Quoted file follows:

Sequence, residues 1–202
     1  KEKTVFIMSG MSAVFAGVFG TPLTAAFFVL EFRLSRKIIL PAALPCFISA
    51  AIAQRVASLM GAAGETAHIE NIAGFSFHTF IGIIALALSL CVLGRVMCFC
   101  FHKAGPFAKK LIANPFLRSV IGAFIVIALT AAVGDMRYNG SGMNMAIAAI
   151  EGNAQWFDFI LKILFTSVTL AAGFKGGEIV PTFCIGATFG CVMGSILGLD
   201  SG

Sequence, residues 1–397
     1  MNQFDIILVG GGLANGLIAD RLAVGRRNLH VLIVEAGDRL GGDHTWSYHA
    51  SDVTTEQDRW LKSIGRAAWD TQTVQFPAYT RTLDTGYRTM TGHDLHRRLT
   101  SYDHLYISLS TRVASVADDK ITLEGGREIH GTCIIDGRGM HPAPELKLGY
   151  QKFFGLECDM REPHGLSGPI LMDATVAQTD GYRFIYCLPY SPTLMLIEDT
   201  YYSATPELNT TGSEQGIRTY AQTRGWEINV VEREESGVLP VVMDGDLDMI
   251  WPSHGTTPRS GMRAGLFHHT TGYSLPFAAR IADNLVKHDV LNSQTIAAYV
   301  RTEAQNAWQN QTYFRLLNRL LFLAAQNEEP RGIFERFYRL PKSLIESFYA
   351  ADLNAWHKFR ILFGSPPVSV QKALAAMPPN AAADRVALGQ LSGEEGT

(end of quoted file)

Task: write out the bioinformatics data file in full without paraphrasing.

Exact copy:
Sequence, residues 1–202
     1  KEKTVFIMSG MSAVFAGVFG TPLTAAFFVL EFRLSRKIIL PAALPCFISA
    51  AIAQRVASLM GAAGETAHIE NIAGFSFHTF IGIIALALSL CVLGRVMCFC
   101  FHKAGPFAKK LIANPFLRSV IGAFIVIALT AAVGDMRYNG SGMNMAIAAI
   151  EGNAQWFDFI LKILFTSVTL AAGFKGGEIV PTFCIGATFG CVMGSILGLD
   201  SG

Sequence, residues 1–397
     1  MNQFDIILVG GGLANGLIAD RLAVGRRNLH VLIVEAGDRL GGDHTWSYHA
    51  SDVTTEQDRW LKSIGRAAWD TQTVQFPAYT RTLDTGYRTM TGHDLHRRLT
   101  SYDHLYISLS TRVASVADDK ITLEGGREIH GTCIIDGRGM HPAPELKLGY
   151  QKFFGLECDM REPHGLSGPI LMDATVAQTD GYRFIYCLPY SPTLMLIEDT
   201  YYSATPELNT TGSEQGIRTY AQTRGWEINV VEREESGVLP VVMDGDLDMI
   251  WPSHGTTPRS GMRAGLFHHT TGYSLPFAAR IADNLVKHDV LNSQTIAAYV
   301  RTEAQNAWQN QTYFRLLNRL LFLAAQNEEP RGIFERFYRL PKSLIESFYA
   351  ADLNAWHKFR ILFGSPPVSV QKALAAMPPN AAADRVALGQ LSGEEGT